Bilingualism is the main feature of our curriculum. The educational project of Yago School contains a wide range of contents and well-organised activities with the majority in English.
Each year we focus more on this language from Infant 0 in our Nursery, all the way to Secondary, in order to develop our pupils’ bilingualism by immersion in this second language.
Being bilingual is not only having the ability to think and communicate in English but also gives children benefits such as improving social skills, increasing concentration and memorisation among others.
70% of our teaching is developed in English by native or bilingual teachers with teaching experience abroad.
In all the educational stages we haveincreased the number of hours of English as a language and we also teach most of the subjects in this language; Social and Natural Science, Music, P.E., Art, Chinese, ICT and Drama and Public Speaking. Thus children learn the language in a deep and experiential way, significantly expanding the contents and their vocabulary.
In addition, Yago School is characterized by being an international school where English is the main language used in hallways, breaktimes, gardens, dining rooms, and assemblies.
All this is backed by the highest standards in Cambridge University certificates, which undoubtedly represents an added value of competitiveness before beginning university studies.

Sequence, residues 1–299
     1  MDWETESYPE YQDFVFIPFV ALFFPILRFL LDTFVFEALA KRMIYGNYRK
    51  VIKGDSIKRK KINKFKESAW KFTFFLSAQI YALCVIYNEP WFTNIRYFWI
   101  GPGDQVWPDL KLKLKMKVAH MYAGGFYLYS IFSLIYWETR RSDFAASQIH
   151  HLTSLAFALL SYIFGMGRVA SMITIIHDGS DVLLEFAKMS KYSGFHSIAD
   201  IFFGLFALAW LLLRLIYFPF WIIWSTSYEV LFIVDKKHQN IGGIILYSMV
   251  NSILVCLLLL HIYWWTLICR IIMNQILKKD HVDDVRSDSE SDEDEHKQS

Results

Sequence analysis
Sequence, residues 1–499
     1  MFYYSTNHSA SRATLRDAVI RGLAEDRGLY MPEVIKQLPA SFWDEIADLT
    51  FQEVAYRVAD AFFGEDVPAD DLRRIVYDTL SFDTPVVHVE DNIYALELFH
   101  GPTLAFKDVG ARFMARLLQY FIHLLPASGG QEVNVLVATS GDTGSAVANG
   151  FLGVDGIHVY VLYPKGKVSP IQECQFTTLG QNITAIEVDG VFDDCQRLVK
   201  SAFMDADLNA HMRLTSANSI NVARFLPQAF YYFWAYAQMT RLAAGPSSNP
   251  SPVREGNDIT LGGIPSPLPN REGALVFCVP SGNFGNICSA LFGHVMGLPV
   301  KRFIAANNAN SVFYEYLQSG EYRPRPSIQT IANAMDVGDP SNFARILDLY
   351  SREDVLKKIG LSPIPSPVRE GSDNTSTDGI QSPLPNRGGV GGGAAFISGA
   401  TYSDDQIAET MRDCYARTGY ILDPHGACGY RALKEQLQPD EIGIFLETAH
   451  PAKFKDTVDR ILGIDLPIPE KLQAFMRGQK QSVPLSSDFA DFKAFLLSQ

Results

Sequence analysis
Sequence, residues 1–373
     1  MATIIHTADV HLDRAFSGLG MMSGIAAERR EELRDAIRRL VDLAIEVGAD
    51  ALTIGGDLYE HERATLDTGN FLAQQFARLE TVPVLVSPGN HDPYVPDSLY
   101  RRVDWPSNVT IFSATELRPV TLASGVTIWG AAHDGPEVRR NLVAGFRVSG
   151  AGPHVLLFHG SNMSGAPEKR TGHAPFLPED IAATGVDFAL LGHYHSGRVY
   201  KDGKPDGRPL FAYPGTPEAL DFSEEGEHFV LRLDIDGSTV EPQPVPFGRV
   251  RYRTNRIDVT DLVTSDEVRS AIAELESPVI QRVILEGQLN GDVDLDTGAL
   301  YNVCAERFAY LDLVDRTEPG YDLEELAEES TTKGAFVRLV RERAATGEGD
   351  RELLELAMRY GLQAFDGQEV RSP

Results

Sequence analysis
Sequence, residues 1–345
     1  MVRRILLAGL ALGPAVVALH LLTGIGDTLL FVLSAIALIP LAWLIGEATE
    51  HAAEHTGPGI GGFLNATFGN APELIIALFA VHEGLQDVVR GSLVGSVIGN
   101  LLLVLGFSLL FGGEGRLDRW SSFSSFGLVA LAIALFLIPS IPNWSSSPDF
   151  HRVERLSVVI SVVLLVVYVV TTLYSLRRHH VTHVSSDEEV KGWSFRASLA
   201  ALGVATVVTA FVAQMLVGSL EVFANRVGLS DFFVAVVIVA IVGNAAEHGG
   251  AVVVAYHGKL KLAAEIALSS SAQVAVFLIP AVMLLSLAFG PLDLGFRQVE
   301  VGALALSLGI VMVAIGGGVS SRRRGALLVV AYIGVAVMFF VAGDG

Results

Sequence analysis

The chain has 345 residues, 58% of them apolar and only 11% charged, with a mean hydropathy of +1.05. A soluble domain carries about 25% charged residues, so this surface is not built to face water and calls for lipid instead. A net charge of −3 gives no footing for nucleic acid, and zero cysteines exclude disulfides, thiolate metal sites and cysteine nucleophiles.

In order to facilitate the practice of languages and, ultimately, master them, we have study programs abroad, at Riddlesworth Hall School, a school with principles very similar to ours, situated in the south of England. The main objective is that pupils at Yago School have the opportunity to practice and reinforce English abroad.
Yago School introduces Chinese from the age of two and continues in Primary and Secondary, with the aim of pupils completing their Baccalaureate studies communicating fluentlyin Spanish and English, and with a good level of Chinese.
China is already a great economic power with a huge population so being able to communicate in their language is increasingly valued in the business world and in particular teaching. Now that University entrance exams have disappeared, it will be universities themselves that establish their access requirements and, as in the most prestigious international universities, having Chinese as a second language will open the doors for many of our pupils.
Specifically in our country, about 5,000 people study Chinese, according to data from the Chinese Embassy in Spain, with Mandarin being the most spoken language in the world and the one most studied by foreigners.
New pupils that are incorporated from Primary 2 onwards have to take the extra-curricular classes of Chinese obligatorily until they have attained the level of the rest of theirclassmates.
At the discretion of the teaching staff, pupils will be able to present themselves for the official exams of YCT and HSK of the Confucius Institute.